After hearing about a pirate amnesty scheme offered by a movie studio, a self-proclaimed file-sharer took the opportunity to confess his crimes. The Swedish pirate wrote an email telling the US-based copyright holder that he was ready to pay, thanks to a leprechaun and despite of his unicorn. The movie studio read the email with care, and subpoenaed Google for the IP-address associated with the Gmail account.
In January we reported on the movie outfit Liberty Media that wants file-sharers to hand themselves in and pay $1000.
“Despite the fact that these people are stealing from us, we wanted to give them a chance to admit their mistakes and move on,” said Brian Dunlap, COO of Liberty Media subsidiary Corbin Fisher at the time. “Therefore, we are offering this limited period where we will resolve these cases quickly and cheaply.”
The scheme, miraculously, appeared to work and random strangers reportedly started to pay up. However, Corbin Fisher also received an email of a different kind, one that needed some deeper thinking to decrypt.
After reading all the drama that had unfolded, TorrentFreak reader Ryan decided to contact Corbin Fisher to tell them what he thought of their actions.
“I have been sharing a whole load of your files… on every torrent site like PureTna, Kickasstorrents etc. I am very sorry for doing so and would like to pay you the $1000 for amnesty…,” he began in his email.
What appeared to be another $1000 in the can for the movie company turned out to be something different, something special. Ryan explained in his email that the money would come from the pot of gold he got from the leprechaun at the end of the rainbow.
And it got even weirder after that.
“I figured I would get a few laughs from it and sent them the email – I clearly mentioned I was in Europe to make them feel more frustrated,” Ryan told TorrentFreak when explaining his actions.
“I have never downloaded their ‘product’ but had I known what scum they are I would have just to seed it. I have no problem about anyone finding out I view porn and would admit it if I downloaded their product – but they produce stuff that just does not interest me in the slightest,” Ryan added.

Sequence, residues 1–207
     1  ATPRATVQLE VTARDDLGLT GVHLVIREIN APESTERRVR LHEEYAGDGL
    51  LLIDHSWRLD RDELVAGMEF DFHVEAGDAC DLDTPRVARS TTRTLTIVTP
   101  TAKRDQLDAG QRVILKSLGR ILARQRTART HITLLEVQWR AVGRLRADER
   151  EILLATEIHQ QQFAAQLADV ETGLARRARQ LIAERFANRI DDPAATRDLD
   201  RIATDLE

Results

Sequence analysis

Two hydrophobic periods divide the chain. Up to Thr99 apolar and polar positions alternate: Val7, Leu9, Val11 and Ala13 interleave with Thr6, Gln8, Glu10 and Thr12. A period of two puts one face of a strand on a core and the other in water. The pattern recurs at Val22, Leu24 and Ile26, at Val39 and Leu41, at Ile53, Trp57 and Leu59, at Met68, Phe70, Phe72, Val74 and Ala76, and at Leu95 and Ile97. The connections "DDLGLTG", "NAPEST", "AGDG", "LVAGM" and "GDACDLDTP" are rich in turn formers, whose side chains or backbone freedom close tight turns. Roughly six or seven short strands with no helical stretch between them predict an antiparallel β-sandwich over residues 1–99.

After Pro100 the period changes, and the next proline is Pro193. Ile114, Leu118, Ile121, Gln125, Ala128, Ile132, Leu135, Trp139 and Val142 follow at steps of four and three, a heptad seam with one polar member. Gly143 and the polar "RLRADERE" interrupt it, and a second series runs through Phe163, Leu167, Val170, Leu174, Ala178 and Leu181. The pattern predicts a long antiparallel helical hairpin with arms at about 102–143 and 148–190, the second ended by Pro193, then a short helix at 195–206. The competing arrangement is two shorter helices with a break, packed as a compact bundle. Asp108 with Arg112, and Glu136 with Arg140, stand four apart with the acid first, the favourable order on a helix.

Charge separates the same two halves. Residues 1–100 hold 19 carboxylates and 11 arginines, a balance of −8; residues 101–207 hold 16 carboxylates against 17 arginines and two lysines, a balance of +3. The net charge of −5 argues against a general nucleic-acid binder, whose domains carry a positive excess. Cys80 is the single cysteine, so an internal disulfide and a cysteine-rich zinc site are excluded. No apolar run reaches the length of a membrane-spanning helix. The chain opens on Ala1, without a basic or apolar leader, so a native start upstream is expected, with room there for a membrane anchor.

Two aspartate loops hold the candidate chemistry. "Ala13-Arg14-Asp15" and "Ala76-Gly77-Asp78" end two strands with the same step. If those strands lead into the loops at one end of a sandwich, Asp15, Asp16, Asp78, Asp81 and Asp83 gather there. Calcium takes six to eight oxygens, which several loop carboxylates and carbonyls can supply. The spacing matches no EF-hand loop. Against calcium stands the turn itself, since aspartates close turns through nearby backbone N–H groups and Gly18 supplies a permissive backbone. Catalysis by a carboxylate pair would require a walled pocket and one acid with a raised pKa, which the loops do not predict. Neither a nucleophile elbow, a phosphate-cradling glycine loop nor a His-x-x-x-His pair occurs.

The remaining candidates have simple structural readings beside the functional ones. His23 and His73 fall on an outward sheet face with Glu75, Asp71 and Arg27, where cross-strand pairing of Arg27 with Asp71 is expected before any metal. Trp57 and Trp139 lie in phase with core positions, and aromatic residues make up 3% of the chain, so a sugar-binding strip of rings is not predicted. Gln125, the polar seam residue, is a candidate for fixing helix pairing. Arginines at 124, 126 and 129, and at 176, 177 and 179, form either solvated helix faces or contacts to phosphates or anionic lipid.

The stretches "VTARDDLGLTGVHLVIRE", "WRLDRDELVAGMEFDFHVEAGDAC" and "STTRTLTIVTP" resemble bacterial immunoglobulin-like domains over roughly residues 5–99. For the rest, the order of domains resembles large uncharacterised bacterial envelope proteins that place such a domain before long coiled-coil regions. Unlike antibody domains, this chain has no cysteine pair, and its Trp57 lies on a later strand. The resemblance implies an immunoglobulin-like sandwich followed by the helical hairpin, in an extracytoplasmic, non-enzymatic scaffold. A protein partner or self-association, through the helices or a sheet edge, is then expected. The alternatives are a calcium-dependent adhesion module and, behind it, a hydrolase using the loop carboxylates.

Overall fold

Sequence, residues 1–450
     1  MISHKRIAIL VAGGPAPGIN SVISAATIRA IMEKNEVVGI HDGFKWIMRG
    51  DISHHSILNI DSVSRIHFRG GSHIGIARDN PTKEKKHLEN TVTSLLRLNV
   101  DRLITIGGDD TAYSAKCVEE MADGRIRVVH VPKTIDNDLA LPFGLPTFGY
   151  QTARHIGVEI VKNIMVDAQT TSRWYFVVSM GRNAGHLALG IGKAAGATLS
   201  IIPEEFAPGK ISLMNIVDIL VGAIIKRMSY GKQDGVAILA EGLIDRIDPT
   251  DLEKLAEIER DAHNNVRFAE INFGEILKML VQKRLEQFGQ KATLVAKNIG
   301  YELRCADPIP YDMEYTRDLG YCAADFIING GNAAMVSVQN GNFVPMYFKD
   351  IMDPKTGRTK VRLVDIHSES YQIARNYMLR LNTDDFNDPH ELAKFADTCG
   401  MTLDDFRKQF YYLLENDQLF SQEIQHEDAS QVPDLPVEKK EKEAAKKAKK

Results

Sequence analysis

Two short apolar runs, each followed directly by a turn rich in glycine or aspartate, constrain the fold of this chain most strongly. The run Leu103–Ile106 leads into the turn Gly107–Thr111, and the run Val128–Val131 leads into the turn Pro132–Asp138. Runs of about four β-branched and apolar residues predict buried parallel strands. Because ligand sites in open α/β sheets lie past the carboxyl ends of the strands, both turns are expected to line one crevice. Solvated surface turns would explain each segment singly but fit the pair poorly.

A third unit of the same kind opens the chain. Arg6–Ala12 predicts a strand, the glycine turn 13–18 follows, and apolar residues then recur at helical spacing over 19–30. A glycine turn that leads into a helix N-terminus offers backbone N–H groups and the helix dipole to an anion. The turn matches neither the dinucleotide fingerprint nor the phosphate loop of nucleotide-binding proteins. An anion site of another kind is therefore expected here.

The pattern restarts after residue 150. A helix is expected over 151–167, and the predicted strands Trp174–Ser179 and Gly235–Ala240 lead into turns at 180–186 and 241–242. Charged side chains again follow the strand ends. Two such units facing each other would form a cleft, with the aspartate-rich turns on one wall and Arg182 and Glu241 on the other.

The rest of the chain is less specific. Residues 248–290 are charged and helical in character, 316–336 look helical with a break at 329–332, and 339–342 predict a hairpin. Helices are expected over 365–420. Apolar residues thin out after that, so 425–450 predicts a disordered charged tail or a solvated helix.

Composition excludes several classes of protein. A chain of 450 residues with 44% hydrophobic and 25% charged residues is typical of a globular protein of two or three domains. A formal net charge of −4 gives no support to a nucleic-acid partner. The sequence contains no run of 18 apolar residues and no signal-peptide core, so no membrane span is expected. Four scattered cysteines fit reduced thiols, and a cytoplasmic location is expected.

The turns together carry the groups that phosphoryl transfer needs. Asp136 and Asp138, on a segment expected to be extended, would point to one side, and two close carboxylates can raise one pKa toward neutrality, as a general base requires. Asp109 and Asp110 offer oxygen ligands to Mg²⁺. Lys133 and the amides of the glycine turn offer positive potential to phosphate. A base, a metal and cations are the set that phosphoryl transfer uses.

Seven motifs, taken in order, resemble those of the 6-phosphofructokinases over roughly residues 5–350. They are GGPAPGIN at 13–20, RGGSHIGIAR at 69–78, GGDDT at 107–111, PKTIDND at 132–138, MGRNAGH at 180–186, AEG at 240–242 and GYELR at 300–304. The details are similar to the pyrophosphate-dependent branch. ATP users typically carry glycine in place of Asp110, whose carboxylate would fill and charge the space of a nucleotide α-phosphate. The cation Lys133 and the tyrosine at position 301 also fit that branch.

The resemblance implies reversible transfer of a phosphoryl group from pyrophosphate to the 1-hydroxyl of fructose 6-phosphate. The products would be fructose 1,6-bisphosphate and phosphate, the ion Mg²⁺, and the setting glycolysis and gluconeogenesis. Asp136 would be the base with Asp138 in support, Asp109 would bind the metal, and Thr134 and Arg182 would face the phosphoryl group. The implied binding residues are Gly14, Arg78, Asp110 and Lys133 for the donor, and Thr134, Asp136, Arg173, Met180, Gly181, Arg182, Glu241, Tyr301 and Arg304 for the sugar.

Unfortunately for Ryan, the prank didn’t solicit the response he had hoped for. Corbin Fisher failed to reply, at least via email, but a few weeks later they responded in an altogether unexpected fashion – by instructing their legal counsel to take action.
After a month Ryan eventually received an indirect response to his email, from Google.
“Google has received a subpoena for information related to your Google account in a case entitled Corbin Fisher: Identification of Does 1-500,” Google’s legal team wrote to Ryan last week.
Corbin Fisher had demanded that Google should hand over information, including but not limited to IP-addresses associated with the account, that could identify the person linking to the Gmail account Ryan’s email was sent from.
Apparently, Corbin Fisher decided to ignore the unicorn, leprechaun and the fact that Ryan clearly stated that he lives in Sweden. They focused instead on the ‘confession’ and decided to take action and subpoena Google for the personal details.
Ryan was surprised by the response, to say the least, and decided to call Corbin Fisher’s legal counsel to find out why he was mentioned in relation to a case he had nothing to do with. To his surprise, he was told that they had taken the confession seriously and are determined to hunt him down, all the way to Sweden if need be.
Whether these threats are as serious as the lawyer says they are remains to be seen, but the personal details were handed over by Google yesterday.
Although it may seem strange that it’s so easy to ask for someone’s personal details and IP-addresses, a copyright lawyer informed TorrentFreak that it’s not uncommon.
“Discovery (evidence gathering) allows for the acquisition of literally anything relevant to the suit as long as it is not protected by some kind of privilege,” we were told. “It is often a wake-up call to people when they learn that they likely do not have a reasonable expectation of privacy in e-mails or information stored on a third-party server.”
The big question is, what will Corbin Fisher do with the information received from Google?
If Corbin Fisher’s intent was to scare the sender of the email, then this tactic has failed. Ryan has little to hide, has never downloaded any of Corbin Fisher’s content, and doubts that his unicorn and leprechaun will be summoned to court. The only thing that he got out of it is that lawyers have no sense of humor, and that future pranks should not be sent via a third party’s email address.